Everyone dreamt of owning a DeLorean.
It was everybody’s fantasy automobile, thanks in no small part to the Back to the Future movies. We weren’t so deluded that we thought every DeLorean was capable of traveling back in time or into the future, but that really didn’t matter. We wanted them for the gull-wing doors alone. Transportation doesn’t get more futuristic than that!
The “Just Say No” campaign made passing on drugs cool.
Compared to the 1980s, we know a lot more about addiction today, and realize it’s not quite so simple as just saying, “No, thank you.” But when former First Lady Nancy Reagan made a guest appearance on Diff’rent Strokes in 1983 and shared her now-legendary anti-drug message, it felt like we’d gotten all of the tools we needed for a drug-free life.
We got to watch the Berlin Wall come down.
Even if we were too young to understand the full extent of the Cold War—and how the Berlin Wall represented not just a physical barrier between East and West Germany but a symbolic one, as well—it was still a really big deal to watch that wall come crumbling down. It gave us goosebumps because it meant that the world was getting a little smaller, and freedom was actually prevailing. The Soviet Union, the country we’d grown up believing was our biggest threat, was starting to act like we might be… friends? Could such a thing be possible? For the first time, it seemed like the world was becoming a saner and safer place than the one our parents inhabited.
We actually knew our friends’ phone numbers by heart.
Without smartphones doing the hard work for you, if you wanted to stay in contact with someone in the ’80s, you needed to have their seven-digit phone number committed to memory (or carry around a little black book). It was a skill that kept our brains healthy. We’re not saying we were better at math because of it, but it certainly didn’t hurt.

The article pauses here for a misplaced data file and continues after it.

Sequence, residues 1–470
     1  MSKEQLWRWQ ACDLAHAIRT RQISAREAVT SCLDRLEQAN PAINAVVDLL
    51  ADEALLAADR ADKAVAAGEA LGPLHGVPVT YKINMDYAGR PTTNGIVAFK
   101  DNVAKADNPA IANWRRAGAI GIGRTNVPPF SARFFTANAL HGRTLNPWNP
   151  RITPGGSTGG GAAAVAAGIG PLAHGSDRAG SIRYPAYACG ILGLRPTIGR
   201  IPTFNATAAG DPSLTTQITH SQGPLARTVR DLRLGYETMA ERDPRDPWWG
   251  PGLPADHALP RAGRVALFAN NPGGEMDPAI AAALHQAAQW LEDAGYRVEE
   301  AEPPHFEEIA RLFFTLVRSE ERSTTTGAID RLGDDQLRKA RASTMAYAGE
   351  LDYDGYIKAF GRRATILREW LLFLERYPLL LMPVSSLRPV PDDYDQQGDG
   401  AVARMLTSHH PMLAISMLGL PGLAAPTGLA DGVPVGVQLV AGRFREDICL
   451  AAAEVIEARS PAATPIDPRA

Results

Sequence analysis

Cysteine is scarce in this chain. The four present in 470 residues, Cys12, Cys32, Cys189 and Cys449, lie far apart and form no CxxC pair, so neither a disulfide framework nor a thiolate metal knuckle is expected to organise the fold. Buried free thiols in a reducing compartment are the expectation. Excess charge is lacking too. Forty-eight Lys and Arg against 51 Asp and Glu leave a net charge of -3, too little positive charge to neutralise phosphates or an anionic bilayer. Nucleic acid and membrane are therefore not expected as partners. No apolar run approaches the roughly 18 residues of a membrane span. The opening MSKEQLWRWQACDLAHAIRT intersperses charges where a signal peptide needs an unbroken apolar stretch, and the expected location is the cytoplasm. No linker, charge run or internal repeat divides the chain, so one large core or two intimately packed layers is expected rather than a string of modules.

Event TV united viewers like nothing else.
In the 1980s, television created shared moments for a world full of strangers. It was a way to feel connected to a global community by the simple act of watching the same show at the same time—whether it was the “Who shot J.R.” mystery of Dallas or the series finale of M*A*S*H (which was watched by a staggering 106 million people—a record, by the way, that remains unbroken).
We passed notes in class instead of texting.
We didn’t have emojis, but our in-class notes often included encrypted language or indecipherable codes, just in case they were confiscated and read aloud to the class. There was a palpable sense of danger when trying to scribble a message undetected while maintaining eye contact with the teacher. It was like we were World War II-era spies trying to get a message across enemy lines.
We taped songs off the radio so we could listen to them on loop.
Bootlegging music existed in the ’80s, too, it just involved sitting next to the radio and waiting for the local station to play your favorite tune, all while resting one finger on the record button of your cassette player. We usually didn’t get the whole song, especially if the stupid DJ talked over the beginning (what was he thinking?), but it still felt like we were beating the system somehow.
And we created the perfect soundtracks to our lives with mixtapes.
There was an art form to crafting the perfect mixtape. Unlike the digital playlists of today, we had limitations—there was only so much time on each side of a cassette. But rather than feel constrained, we treated it like a challenge. After all, a painter isn’t confined by the size of their canvas. It’s what you do with that allotted space that counts. A mixtape, in the right hands, could be truly transcendent. And for the era’s ultimate mixtape, here are 25 Songs Every ‘80s Kid Knows By Heart.